Are stars alive? Staff writer Olivia Mitchell attended Columbia Astronomy Outreach’s October 18th lecture “Life in the Universe” to find out.
The night’s lecture was part of the Columbia Astronomy Outreach’s Stargazing and Lecture Series and was given by Dr. Joshua Tan, an assistant professor of Astronomy and Physics at LaGuardia Community College and a resident astrophysics research associate at the American Museum of Natural History. Dr. Tan began the lecture by explaining the seven traditional characteristics of life under which biologists have worked for ages: organization, metabolism, homeostasis, growth, reproduction, response, and evolution. For anything to be living, it must be organized, process energy in some way, exist in equilibrium, grow, reproduce and/or replicate life forms, respond to stimuli, and evolve by adapting to changes over time. But he explains, this list is problematic, for there are things that fit all of these characteristics but are also collectively seen as not being alive, such as, in this instance, stars.
Dr. Tan again went through the list of these seven characters with the idea of stars in mind. Are stars organized? Yes! Stars have a variety of different parts, each with their own function that when put together, allows the star to function. Do stars metabolize? Yes! Stars don’t eat, but they do have an energy source: nuclear fusion in their cores. Do stars experience homeostasis? Sort of, yes! As homeostasis simply means that living systems stay in equilibrium, as stars do due to hydrostatic balance–keeping stars compact and composed due to the balance of outward pressure on the core and the inward pull of gravity–, then, technically, stars accomplish the same equilibrium that living beings do just in a different form. Do stars grow? Yes! But not over their entire lives; they start as gas clouds, get larger and larger, and then ignite. Do stars reproduce? Yes! Stars exist in an environment where the actions of the star can promote the creation of new stars; when they explode as supernovae, they send out a shock that creates a gas cloud and helps new stars to be created. If you poke a star, does it respond? Yes! If a shockwave goes past a star, its hydrostatic equilibrium causes it to respond to the stimulus, although how was not explained. Do stars evolve? Yes, through stellar evolution, which is the process by which stars change and grow over a period of time. Dr. Tan tells us that stars experience all seven of the characteristics of life to a degree. Yet, stars are not considered alive. Why?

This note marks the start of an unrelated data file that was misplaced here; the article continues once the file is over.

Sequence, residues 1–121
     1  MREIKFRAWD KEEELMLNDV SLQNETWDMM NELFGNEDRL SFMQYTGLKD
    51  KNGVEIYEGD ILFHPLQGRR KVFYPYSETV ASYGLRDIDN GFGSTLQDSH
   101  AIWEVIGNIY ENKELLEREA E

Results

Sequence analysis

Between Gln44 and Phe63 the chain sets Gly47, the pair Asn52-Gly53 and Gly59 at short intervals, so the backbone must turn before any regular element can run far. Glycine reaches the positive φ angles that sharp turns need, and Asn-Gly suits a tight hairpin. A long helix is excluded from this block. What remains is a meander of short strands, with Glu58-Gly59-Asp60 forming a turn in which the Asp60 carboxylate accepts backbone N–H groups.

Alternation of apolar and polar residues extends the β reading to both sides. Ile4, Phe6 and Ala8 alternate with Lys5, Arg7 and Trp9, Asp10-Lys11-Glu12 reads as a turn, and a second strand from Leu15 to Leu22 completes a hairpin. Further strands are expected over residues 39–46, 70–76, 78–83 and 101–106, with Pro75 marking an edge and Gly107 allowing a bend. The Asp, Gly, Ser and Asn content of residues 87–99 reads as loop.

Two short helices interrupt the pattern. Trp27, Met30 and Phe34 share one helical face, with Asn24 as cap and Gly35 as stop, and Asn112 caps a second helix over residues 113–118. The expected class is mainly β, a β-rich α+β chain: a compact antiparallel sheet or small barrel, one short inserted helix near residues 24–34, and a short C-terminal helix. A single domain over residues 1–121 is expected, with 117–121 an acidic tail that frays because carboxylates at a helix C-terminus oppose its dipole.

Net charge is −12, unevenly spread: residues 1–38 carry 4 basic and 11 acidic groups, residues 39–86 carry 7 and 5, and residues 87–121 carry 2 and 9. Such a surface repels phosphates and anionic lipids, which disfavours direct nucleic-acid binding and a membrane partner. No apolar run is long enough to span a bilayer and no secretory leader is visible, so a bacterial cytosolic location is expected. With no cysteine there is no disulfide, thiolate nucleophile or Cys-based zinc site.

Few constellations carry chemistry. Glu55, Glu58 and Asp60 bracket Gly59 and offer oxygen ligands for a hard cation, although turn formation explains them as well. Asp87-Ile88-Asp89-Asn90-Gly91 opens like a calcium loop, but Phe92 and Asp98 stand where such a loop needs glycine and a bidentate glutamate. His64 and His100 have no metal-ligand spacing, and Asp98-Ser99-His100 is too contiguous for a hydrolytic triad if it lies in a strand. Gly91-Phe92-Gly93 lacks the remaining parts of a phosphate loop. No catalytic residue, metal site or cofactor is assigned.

The answer, as Dr. Tan explained, is relatively unknown; stars are just not considered to be alive in the traditional sense, as the requirements or “ingredients” of life on Earth are two chemicals: proteins and DNA. So, when looking for life out there in space, scientists stick to the strict definition of life by searching for the presence of DNA and proteins. Here, Dr. Tan began to delve into his specialty of Astrobiology: the study of life in space. He went on to explain the creation of life as a recipe. The “ingredients” are carbon, hydrogen, nitrogen, oxygen, phosphorus, and sulfur, that we get “delivered” to our planet through meteors–as it’s too hot for these ingredients to be found naturally on earth–from the “grocery store” of interstellar medium, a.k.a, the material out of which the solar system was made. Before being brought to earth, these ingredients are produced one of six different ways–Big Bang Fusion, dying low-mass stars, exploding massive stars, cosmic ray fission, merging neutron stars, and exploding white dwarfs, all of which were only named, not explained, briefly during the lecture–and when finally on on a planet, in this case, Earth, the planet acts as a kitchen that “cooks” and creates life. And while life on Earth looks one way, that doesn’t guarantee that all life follows these same biological rules. However, it is fair to say that the astronomical processes of the universe are the reasons for human existence.
So, want to know how life is created? Just take a look at the stars.